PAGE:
Arizona Congresswoman Gabrielle Giffords led a recitation of the Pledge of Allegiance on Sunday, one year after a shooting spree that claimed six lives and left her gravely wounded.
Giffords is still recuperating from the head wound she suffered in the shooting; but she topped off a daylong series of anniversary tributes and remembrances by attending a candlelight vigil with her husband, retired astronaut Mark Kelly.
Survivors and relatives of the victims took turns lighting 19 large candles, one for each of the six people killed and thirteen wounded when an assailant opened fire at the congresswoman's meet-and-greet for constituents on January 8, 2011.
The dead included a 9-year-old girl, a federal judge and a member of Giffords' staff. The accused gunman, Jared Loughner, a college dropout with a history of mental illness, is charged with 49 offenses, including first-degree murder and the attempted assassination of Giffords. (Loughner was found by two medical experts to have schizophrenia, disordered thinking and delusions, and the 23-year-old was declared mentally incompetent to stand trial at a May hearing.)
The anniversary of the shooting spree comes even as we prepare to celebrate the life and vision of a man who preached non-violence. This Sunday, on Martin Luther King’s birthday, Brian Lehrer and I will co-host an event at the Brooklyn Museum, “In MLK’s Footsteps: Education as a Civil Right.” Our purpose is to examine that part of Dr. King’s vision that embraced equal education for all, including the historic victories in the courts that desegregated public schools and universities.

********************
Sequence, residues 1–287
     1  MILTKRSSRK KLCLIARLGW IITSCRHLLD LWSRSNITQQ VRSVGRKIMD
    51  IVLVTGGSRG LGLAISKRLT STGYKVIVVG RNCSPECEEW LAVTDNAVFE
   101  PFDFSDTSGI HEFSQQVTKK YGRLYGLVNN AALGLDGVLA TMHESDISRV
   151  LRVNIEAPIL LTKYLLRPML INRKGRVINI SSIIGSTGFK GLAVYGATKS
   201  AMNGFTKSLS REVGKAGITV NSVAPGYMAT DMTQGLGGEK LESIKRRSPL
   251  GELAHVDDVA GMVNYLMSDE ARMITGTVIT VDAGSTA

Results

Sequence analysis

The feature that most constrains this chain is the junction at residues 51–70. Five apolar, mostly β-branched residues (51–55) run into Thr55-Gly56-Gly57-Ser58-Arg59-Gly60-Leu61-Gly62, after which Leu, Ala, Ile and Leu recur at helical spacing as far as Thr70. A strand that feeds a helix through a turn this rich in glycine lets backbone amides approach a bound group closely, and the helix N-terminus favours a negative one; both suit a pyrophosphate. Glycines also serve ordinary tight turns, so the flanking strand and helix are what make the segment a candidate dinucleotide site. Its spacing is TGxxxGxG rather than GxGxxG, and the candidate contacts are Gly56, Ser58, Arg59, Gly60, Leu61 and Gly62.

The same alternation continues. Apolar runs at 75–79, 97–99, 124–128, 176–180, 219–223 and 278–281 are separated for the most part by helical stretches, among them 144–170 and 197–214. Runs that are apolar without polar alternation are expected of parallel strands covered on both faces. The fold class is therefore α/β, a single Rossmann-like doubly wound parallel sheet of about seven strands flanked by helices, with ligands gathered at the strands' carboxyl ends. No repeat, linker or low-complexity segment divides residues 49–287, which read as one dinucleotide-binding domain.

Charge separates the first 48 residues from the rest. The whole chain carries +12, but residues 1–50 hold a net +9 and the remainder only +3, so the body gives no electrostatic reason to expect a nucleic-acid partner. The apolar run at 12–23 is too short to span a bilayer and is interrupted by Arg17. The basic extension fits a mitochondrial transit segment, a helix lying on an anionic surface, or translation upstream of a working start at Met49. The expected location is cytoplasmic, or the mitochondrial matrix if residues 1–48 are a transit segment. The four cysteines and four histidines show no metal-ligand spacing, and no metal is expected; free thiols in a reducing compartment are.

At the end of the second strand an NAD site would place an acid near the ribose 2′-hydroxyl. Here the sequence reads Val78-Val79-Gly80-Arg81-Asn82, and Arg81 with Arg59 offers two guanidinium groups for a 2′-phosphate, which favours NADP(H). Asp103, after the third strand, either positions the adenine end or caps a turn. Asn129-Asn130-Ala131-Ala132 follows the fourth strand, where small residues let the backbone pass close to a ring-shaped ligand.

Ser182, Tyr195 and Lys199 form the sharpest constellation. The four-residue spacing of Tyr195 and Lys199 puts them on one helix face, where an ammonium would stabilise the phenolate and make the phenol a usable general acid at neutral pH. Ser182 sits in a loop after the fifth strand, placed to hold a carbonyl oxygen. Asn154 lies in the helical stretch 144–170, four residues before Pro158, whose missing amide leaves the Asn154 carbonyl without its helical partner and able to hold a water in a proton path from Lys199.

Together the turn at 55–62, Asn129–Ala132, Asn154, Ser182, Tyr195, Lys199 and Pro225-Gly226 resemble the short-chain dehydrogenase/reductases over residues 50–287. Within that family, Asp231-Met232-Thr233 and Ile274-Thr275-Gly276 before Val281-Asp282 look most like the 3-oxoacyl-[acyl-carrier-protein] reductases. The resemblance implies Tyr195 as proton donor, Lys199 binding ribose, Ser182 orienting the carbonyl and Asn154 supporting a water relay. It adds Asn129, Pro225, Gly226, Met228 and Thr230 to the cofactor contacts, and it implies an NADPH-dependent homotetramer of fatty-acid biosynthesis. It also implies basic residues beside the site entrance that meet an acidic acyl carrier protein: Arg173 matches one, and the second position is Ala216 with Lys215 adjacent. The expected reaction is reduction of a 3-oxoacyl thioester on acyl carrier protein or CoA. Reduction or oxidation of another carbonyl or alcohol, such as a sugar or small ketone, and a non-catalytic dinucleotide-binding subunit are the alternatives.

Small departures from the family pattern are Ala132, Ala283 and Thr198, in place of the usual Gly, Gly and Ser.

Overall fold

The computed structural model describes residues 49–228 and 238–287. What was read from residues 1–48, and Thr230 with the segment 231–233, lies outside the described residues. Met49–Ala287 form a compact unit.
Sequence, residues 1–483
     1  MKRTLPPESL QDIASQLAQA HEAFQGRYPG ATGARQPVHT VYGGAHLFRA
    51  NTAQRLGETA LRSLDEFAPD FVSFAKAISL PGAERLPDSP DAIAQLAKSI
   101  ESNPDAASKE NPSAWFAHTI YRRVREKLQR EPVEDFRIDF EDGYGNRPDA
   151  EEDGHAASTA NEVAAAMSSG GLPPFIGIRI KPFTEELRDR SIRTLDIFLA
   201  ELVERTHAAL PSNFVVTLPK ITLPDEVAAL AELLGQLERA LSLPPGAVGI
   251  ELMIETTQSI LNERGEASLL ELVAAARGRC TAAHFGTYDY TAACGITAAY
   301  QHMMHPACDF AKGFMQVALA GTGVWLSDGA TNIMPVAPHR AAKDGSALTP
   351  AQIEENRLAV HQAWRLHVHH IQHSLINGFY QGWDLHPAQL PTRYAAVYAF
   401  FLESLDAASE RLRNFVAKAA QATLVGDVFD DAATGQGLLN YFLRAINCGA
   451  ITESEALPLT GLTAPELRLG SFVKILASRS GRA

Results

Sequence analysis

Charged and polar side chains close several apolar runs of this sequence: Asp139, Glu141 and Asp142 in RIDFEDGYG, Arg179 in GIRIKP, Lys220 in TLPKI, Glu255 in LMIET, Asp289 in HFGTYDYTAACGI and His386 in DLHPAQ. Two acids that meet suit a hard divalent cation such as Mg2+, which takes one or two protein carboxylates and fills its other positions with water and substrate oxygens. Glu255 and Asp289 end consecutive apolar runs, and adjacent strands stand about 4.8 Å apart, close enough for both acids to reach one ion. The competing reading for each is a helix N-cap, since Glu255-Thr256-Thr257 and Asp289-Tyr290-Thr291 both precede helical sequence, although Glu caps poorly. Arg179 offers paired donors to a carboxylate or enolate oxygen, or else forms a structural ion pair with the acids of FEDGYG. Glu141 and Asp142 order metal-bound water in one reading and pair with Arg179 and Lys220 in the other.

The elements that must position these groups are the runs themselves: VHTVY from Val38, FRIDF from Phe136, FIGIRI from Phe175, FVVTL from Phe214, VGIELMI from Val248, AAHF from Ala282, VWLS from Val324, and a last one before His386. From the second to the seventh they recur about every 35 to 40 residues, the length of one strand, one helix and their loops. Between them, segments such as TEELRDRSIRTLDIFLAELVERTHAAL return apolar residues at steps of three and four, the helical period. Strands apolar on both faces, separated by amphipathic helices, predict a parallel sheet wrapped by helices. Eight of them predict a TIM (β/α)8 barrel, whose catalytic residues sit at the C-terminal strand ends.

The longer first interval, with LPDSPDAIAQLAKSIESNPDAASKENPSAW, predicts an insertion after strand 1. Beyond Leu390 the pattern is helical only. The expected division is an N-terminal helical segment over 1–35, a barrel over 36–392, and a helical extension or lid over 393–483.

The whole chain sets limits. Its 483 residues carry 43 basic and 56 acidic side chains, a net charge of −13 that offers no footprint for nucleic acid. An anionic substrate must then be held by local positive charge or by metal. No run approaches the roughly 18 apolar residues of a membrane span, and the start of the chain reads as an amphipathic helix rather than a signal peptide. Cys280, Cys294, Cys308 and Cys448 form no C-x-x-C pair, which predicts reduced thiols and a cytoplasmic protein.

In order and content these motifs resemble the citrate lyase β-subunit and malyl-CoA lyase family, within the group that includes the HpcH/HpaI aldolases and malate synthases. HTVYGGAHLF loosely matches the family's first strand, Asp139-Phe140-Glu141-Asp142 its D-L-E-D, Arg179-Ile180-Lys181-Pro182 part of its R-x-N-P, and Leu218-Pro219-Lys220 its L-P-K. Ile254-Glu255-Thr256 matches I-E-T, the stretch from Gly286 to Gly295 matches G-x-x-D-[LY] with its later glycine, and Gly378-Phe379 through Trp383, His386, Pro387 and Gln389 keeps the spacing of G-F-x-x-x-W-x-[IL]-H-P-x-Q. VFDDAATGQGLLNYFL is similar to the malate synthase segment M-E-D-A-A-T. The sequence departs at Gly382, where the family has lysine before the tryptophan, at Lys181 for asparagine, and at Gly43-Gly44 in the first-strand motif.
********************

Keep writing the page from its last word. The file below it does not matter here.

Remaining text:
Standing before the Lincoln Memorial, at the Great March on Washington, he outlined his vision with historic eloquence:
I have a dream that my four children will one day live in a nation where they will not be judged by the color of their skin but by the content of their character.
I have a dream today.
Of course, the African-American Civil Rights Movement was first and foremost about race. But as the years went on, the Movement grew. It became about poverty, employment, housing discrimination, even the war in Vietnam. In short, Americans looked to the Movement and to Dr. King for hope, change and the promise of equality for all Americans. They joined hands—black, brown and white; Jews and gentiles; men and women, all working toward a better day for their children and their children’s children.
So when Representative Gabrielle Giffords reached out to her constituents for a “Congress on Your Corner” event a year ago, it was precisely the kind of moment Dr. King envisioned for this country.
Dr. King knew, however, he would not live to see the day that a Jewish and female congressional representative would stand on a street corner to solicit ideas from Arizona voters. While he believed that sort of change would come, he also understood, all too well, the violent undercurrent that runs through our culture. He understood America’s history of settling disputes with guns, not words. He knew the history of political assassination in this country. The day before his death, he spoke these words: